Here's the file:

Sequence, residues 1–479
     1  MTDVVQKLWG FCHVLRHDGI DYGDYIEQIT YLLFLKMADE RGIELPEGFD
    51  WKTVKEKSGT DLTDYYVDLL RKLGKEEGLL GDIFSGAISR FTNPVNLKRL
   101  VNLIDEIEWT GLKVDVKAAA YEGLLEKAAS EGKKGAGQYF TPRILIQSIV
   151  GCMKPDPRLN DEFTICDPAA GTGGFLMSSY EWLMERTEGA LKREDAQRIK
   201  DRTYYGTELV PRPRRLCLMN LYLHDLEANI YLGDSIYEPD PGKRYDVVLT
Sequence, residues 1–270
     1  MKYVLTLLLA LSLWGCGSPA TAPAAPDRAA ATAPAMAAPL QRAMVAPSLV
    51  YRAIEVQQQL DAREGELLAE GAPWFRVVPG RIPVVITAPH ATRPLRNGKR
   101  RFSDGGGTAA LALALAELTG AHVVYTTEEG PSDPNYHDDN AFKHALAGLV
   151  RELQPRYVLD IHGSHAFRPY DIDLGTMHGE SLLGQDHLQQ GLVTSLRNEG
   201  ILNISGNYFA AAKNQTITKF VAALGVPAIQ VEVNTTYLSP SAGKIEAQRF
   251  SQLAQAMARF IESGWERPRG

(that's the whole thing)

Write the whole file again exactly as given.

Sequence, residues 1–479
     1  MTDVVQKLWG FCHVLRHDGI DYGDYIEQIT YLLFLKMADE RGIELPEGFD
    51  WKTVKEKSGT DLTDYYVDLL RKLGKEEGLL GDIFSGAISR FTNPVNLKRL
   101  VNLIDEIEWT GLKVDVKAAA YEGLLEKAAS EGKKGAGQYF TPRILIQSIV
   151  GCMKPDPRLN DEFTICDPAA GTGGFLMSSY EWLMERTEGA LKREDAQRIK
   201  DRTYYGTELV PRPRRLCLMN LYLHDLEANI YLGDSIYEPD PGKRYDVVLT
Sequence, residues 1–270
     1  MKYVLTLLLA LSLWGCGSPA TAPAAPDRAA ATAPAMAAPL QRAMVAPSLV
    51  YRAIEVQQQL DAREGELLAE GAPWFRVVPG RIPVVITAPH ATRPLRNGKR
   101  RFSDGGGTAA LALALAELTG AHVVYTTEEG PSDPNYHDDN AFKHALAGLV
   151  RELQPRYVLD IHGSHAFRPY DIDLGTMHGE SLLGQDHLQQ GLVTSLRNEG
   201  ILNISGNYFA AAKNQTITKF VAALGVPAIQ VEVNTTYLSP SAGKIEAQRF
   251  SQLAQAMARF IESGWERPRG